Among those who settled back from the river in what is now Bethesda Precinct, were James Caraway, who improved the place where Benjamin Shryer lives, on the Rock Castle and Princeton road, and Stephen Pearl, who settled in the same locality. Abner Crump came in an early day also. Mordecai Fowler settled near the Caldwell County line, in the northern part of the precinct, as did also John Hanberry, both of whom were very early residents. Jarrett Mitchell improved the place where Mollie Mitchell lives, in the southern part of the precinct, and can be classed among the pioneers of the county. The above list, we think, comprises the earliest and most prominent settlers in the two precincts. Other names could be added, but the limits of this chapter forbid a more extended mention.
Village of .Rock Castle. -- " Up to 1842, Old Ferry Corner, opposite Empire Iron Works, was the shipping point for all the northern part of Trigg and the southwestern portion of Caldwell Counties. As a business point it was discontinued after the erection of the furnace on the opposite bank, the property having been purchased by Messrs. Watson & Hill-man, the owners of the iron works." The furnace store was kept in the old storehouse that is yet standing on the east bank of the river, up to 1848 or 1849, but the point from this date was used only as a boat landing for the individual interest of the furnace. The first store in Rock Castle was kept by Messrs. Marshall & Bradley, who engaged in business as early as 1835 or 1836; they kept a general stock of goods, and were well patronized by the citizens of the northern part of Trigg and the southern portion of Caldwell Counties. No great amount of business was done, however, until D. W. Standrod and George Creekmer obtained possession of the property. They continued as partners about four years. at the end of which time King Baker purchased Creekmer's interest, and under the firm name of Baker & Standrod, a successful mercantile and commission business was carried on until 1862. Standrod carried on a commission business until within the last two years, and is still a resident of the village.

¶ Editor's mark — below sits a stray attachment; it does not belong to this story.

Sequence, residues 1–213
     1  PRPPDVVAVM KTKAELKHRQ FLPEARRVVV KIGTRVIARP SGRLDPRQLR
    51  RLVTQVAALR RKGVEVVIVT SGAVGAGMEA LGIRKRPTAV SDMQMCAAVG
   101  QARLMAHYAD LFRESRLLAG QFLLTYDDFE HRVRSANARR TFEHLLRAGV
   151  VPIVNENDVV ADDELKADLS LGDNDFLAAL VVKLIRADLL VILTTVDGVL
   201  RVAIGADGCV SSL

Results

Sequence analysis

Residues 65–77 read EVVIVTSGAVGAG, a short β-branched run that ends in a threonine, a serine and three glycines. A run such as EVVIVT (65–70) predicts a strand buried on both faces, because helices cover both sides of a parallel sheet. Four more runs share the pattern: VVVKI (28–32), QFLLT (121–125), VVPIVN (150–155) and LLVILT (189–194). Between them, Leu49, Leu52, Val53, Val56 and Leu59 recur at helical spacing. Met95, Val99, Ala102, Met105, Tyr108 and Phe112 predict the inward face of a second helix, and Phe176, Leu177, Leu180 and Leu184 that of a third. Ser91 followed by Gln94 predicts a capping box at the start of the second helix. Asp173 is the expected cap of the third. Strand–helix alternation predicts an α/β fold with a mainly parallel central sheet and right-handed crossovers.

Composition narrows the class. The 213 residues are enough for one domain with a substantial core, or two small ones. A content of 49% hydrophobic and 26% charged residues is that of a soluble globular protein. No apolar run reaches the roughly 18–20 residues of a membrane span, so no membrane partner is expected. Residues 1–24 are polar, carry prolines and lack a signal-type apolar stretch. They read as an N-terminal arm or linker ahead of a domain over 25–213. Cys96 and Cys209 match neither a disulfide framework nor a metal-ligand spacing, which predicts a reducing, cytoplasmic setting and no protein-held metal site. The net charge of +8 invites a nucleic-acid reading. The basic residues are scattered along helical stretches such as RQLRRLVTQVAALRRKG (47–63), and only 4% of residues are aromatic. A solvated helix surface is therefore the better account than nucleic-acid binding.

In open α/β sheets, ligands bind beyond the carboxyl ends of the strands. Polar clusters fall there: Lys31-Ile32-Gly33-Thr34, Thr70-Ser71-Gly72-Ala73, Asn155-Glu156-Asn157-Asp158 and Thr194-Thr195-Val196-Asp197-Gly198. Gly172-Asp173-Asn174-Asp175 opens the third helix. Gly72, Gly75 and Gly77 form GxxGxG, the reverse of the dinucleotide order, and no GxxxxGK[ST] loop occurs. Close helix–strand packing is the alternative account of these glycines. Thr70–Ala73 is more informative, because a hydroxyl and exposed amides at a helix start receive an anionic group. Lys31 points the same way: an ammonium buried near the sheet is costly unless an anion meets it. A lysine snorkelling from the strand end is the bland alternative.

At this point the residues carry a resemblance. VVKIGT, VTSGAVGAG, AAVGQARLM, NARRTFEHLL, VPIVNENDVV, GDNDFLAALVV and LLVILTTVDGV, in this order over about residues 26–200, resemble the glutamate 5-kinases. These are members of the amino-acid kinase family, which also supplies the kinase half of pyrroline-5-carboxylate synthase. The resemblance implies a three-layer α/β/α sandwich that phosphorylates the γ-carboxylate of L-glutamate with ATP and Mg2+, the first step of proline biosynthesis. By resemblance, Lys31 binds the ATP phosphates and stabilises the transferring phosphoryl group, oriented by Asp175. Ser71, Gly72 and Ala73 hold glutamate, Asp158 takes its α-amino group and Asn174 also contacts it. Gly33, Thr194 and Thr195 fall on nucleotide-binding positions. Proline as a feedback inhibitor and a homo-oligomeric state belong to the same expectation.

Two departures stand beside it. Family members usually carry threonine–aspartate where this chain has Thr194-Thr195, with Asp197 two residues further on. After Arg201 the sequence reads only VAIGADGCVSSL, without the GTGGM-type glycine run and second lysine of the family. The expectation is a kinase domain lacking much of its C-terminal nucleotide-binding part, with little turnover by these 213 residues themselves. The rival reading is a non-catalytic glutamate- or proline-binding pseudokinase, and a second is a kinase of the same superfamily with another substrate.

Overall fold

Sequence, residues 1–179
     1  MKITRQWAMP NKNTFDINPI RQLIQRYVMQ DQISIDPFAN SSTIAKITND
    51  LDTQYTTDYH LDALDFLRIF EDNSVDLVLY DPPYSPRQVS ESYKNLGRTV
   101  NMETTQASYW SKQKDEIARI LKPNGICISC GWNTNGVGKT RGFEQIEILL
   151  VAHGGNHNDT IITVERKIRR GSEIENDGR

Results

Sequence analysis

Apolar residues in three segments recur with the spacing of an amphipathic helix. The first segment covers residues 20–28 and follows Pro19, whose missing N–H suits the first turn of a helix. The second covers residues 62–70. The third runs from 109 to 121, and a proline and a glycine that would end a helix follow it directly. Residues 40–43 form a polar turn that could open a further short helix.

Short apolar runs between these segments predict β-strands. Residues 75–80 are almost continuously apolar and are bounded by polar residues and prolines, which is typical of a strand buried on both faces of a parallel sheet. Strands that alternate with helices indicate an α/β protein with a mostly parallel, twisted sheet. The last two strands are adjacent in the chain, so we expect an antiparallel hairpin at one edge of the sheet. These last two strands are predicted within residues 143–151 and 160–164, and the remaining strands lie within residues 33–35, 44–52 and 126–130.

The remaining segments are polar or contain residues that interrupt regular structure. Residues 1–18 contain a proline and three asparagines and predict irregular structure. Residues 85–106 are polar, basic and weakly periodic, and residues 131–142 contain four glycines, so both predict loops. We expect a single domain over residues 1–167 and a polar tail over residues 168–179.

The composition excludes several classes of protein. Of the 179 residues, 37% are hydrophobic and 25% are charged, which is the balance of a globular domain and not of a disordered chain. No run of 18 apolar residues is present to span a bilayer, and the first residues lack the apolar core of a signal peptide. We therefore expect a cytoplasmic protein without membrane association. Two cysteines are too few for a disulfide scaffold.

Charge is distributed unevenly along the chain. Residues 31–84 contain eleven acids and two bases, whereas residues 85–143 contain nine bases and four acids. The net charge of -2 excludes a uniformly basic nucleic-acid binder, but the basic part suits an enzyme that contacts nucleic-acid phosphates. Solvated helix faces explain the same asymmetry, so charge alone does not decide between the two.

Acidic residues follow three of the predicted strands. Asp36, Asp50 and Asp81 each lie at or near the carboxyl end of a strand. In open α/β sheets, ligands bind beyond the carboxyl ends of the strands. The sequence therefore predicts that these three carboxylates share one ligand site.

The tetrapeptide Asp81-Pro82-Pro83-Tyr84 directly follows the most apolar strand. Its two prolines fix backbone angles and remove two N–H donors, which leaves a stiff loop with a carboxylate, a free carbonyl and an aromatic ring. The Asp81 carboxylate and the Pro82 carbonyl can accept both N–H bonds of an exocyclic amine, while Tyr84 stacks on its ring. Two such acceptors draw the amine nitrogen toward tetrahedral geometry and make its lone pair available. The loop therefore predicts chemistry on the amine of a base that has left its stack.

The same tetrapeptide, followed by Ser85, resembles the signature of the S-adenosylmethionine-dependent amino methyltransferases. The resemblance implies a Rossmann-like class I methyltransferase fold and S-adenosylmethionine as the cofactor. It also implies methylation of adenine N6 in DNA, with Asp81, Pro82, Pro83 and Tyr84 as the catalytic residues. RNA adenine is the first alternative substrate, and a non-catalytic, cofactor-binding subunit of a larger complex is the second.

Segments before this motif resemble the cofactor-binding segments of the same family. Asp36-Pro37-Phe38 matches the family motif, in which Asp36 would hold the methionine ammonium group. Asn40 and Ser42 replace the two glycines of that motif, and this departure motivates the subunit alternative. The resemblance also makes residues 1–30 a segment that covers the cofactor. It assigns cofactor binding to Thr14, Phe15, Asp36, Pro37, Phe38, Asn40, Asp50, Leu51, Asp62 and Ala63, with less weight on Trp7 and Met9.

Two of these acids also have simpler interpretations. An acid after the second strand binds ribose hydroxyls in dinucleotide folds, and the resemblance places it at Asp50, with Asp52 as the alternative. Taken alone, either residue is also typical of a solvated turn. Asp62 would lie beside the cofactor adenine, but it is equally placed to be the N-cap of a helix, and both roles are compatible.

J. H. Whitney started a store in 1869, and keeps a fine stock of goods at the present time. Several warehouses have been built in the town, the largest of which were those belonging to D. W. Standrod, Joseph T. Harris and John Grasty. The first physician of the place was Dr. A. Calloway, who located in the village soon after its settlement; since then the following medical gentlemen have practiced their profession here, to wit: Doctors Inge, Samuel Standrod, K. S. Campbell and Samuel E. Standrod.
Hurricane Baptist Church, the only religious organization in Rock Castle Precinct, was established in the year 1845, by Rev. J. F. White. Among the constitutional members were the following: Thomas Wadlington and wife, Miles Osborne, and Alexander Cunningham and wife. The first meetings were held in an old log schoolhouse, on Hurricane Creek, which was also used for a preaching place by the Methodists at the same time. A house of worship was afterward erected on John Grasty's land, and cost the sum of $600. Since its organization the church has been ministered to by the following pastors, viz. : J. F. White, George Patterson, 0. Meacham, Elder Rowland, J. H. Spurlin, James Oliver and John Spurlin. The present officers are: Robert Allen and Blake Baker, Deacons; Robert Wallace, Clerk. The society is one of the aggressive organizations of the county, and numbers at the present time about 132 communicants.
Bethesda Methodist Episcopal Church. --- The society was organized in 1845, with thirty members, among whom were: William Larkins, Penelope Larkins, Samuel Larkins, Henry Lark ins, Mrs. Sallie Mitchell, David Etheridge, Mrs. Ann Sanders, Mrs. Elizabeth Savills, D. C. Savills, Miles Savills, Rebecca Hanberry, D. S. Hanberry and J. W. Hanberry. The first Class Leader was Robert Hawkins; the first Steward was Samuel Larkins. The organization took place in Duvall's Schoolhouse, which was used as a meeting place for about four years, when a frame church was built one mile southwest of the present edifice. It was built on land donated by Colmore Duvall, and stood until 1877. The present temple of worship was erected on ground donated by John Larkins, and cost about $600. The first pastor of the church was Rev. Zachariah M. Taylor. The present pastor is Rev. J. R. McDaniel!. There are the names of about 100 members on the church book. tinder the labors of Rev. Samuel Feltener in 1877, the church enjoyed a most successful revival and perhaps one of the best ever held in this part of the county; some sixty persons professed conversion, and more than forty were added to the church.
*- County of Trigg Kentucky , HISTORICAL AND BIOGRAPHICAL - EDITED BY WILLIAM HENRY PERRIN - ILLUSTRATED. - F.A. BATTEY PUBLISHING CO. 1884.